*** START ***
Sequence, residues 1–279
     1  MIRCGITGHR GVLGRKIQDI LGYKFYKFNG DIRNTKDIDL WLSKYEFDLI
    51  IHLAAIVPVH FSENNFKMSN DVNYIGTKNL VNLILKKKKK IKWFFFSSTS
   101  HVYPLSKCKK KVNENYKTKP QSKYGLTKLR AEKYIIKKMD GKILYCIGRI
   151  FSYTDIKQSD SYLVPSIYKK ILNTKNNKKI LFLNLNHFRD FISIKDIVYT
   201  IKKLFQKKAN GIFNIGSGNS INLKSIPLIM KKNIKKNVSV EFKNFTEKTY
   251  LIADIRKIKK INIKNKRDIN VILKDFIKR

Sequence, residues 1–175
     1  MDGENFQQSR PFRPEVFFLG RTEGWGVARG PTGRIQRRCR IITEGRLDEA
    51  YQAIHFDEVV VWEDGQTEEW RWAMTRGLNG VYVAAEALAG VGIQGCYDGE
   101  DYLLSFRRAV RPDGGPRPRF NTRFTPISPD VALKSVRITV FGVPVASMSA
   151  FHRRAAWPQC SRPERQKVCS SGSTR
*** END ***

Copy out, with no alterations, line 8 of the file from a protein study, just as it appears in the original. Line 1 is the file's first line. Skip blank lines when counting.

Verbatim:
Sequence, residues 1–175